While property managers are often focused on addressing tenant needs, understanding what exactly tenants want when they submit service requests can mean success versus failure. Phil Mobley, Head of Research for property management software firm Building Engines, spoke at a recent Propmodo Live event about gathering actionable intelligence from the tech-enabled tenant conversation. “When tenants use technology that is related to buildings and the workplace experience, they are providing…exactly one half of the conversation,” he explained.
Mobley led with two fundamental questions: Are property managers really listening to what commercial tenants are saying? If they are listening, are they hearing only the tenant’s words, or what the tenant really feels?
Mobley explained one of the most common specific tenant requests in the New York City market are building access questions, such as new key cards, followed by temperature concerns. “…A third of the time for freight moving and lighting requests and a quarter of the time for building access, property management is missing those [service response] deadlines”, he said. “Hot/cold calls are only six percent…missing those deadlines”.
For Mobley, this response time discrepancy points to the prioritization of services in the property manager mindset. While access, lighting and moving are all important requests to fulfill, Mobley explained that property managers often treat a tenant complaining about a hot office much more urgently.
The challenge for real estate companies is that often times property managers and tenants prioritize things differently. One way to reconcile the difference is through sentiment analysis. By carefully analyzing tenant use of words like “please” and “thank you” during service request submittals, property managers can tease out when tenants are a little annoyed versus seriously concerned about an issue. “When you start doing this kind of analysis and…listening to that conversation, we’re understanding not only what tenants are thinking but how they are feeling”, Mobley said.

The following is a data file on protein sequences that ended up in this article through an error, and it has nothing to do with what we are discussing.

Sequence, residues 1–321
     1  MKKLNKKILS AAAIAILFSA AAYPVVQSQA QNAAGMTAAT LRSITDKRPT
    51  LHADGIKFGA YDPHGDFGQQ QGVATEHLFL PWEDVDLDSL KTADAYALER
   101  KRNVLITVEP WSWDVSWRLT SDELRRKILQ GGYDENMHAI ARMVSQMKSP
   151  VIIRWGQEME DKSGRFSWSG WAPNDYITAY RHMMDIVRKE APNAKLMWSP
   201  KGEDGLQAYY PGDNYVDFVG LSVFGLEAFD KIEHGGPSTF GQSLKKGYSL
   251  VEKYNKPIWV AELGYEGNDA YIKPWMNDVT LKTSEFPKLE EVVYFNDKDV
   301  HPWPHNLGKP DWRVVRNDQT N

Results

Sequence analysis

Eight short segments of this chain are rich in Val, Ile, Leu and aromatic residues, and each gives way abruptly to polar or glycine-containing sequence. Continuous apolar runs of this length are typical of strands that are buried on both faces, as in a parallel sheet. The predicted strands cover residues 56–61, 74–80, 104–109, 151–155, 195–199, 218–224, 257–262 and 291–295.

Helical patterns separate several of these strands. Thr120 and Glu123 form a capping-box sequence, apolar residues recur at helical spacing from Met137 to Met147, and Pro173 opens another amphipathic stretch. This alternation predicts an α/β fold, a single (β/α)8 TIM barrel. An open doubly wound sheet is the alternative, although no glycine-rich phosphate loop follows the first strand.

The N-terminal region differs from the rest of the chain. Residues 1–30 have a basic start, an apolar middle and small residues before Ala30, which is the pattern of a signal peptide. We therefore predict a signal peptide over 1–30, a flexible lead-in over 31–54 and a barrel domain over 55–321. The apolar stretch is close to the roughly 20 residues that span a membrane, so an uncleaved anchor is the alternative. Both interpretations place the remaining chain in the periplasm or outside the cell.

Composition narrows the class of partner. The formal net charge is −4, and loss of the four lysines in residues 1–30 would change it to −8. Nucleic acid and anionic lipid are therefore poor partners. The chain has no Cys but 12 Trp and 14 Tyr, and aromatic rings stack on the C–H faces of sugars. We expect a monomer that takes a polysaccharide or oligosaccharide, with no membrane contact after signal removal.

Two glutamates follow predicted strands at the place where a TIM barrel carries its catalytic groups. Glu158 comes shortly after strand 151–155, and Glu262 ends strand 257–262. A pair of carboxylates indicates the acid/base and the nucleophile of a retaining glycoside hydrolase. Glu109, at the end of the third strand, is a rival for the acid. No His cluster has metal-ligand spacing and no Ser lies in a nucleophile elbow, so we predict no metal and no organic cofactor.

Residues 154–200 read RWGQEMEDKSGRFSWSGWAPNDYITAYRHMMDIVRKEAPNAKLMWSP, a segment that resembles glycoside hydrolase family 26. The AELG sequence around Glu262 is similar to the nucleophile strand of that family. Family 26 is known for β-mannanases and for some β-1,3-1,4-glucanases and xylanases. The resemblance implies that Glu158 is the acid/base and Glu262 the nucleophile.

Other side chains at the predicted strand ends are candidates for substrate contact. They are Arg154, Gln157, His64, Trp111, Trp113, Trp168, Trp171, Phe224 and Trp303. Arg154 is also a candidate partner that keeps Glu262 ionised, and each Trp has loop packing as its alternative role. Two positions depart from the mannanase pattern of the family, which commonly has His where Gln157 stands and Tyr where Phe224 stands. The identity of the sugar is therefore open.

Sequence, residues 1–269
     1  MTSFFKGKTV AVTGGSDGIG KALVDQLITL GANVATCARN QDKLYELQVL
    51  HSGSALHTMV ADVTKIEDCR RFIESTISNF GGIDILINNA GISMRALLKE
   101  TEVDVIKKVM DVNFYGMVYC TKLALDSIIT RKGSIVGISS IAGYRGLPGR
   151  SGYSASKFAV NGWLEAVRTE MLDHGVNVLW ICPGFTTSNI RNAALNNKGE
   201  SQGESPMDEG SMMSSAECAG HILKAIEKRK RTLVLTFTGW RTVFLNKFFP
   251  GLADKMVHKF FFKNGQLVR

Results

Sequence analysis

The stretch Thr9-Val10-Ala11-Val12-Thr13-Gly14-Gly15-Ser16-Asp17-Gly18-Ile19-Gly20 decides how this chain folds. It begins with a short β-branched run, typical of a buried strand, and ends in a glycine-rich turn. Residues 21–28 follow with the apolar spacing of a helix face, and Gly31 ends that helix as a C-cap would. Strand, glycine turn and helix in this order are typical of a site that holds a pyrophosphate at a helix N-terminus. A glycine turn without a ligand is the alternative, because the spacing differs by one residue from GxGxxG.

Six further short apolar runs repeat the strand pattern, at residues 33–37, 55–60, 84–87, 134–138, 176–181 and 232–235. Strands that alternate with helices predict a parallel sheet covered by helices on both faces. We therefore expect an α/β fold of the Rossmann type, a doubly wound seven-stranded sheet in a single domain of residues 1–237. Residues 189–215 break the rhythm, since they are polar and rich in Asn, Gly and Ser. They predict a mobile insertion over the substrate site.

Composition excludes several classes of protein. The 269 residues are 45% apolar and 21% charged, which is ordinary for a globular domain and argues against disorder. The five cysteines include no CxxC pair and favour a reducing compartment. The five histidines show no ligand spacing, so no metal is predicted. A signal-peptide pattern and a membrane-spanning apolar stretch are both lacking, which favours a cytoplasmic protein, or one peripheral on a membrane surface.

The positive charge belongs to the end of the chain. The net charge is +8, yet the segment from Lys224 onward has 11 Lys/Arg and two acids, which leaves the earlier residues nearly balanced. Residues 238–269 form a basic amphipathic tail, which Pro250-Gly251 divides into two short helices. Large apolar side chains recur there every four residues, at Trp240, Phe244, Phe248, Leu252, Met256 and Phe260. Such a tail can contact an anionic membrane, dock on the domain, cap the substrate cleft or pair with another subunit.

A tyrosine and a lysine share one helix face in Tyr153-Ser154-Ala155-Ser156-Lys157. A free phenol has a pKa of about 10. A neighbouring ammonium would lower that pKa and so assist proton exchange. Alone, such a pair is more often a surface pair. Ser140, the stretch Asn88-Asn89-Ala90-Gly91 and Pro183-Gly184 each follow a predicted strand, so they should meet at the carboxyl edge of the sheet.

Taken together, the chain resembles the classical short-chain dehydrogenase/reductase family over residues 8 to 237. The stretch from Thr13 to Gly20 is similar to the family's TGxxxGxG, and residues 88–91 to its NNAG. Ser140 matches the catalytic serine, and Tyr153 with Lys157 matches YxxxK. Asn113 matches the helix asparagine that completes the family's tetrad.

Other times, surveys reporting high tenant satisfaction may not capture the whole story. Mobley explained as an example that while New York City tenants in the outer boroughs frequently exhibit higher customer service satisfaction levels than tenants downtown, companies in the heart of the city often receive hard-to-measure but critical benefits such as talent acquisition, collaboration and innovation.“…If you understand satisfaction without listening to stuff like this, then I don’t think we’re really listening to what tenants are trying to tell us about the space. We need to understand not just their day-to-day satisfaction, but what are they really at a deeper level trying to accomplish with their occupancy in a particular location,” Mobley said.
Finally, Mobley addressed the logistics of tech-enabled tenant relations today. While smartphone users spend on average two hours a day on mobile apps, most haven’t downloaded a new app in the last month. This could spell trouble for managers attempting to use new software platforms with tenants used to Slack, WhatsApp, Skype or other services. “…The future of tenant experience…we think it is going to happen in these channels. It is apps that people are already using.”, Mobley said.
Mobley added that while custom apps aren’t going away, the full spectrum of management stretches beyond dedicated property software platforms to other apps and websites that tenants use more naturally and frequently. “The future of the tenant conversation is conversational, we think. That’s where we are going with this.”
Regardless of whether a management company uses a custom software program, a major service like Yardi or AppFolio, or simple email and texting, one thing is clear: Understanding not only how to satisfy an occupant’s basic needs but also address their feelings is the hallmark of a successful tenant conversation.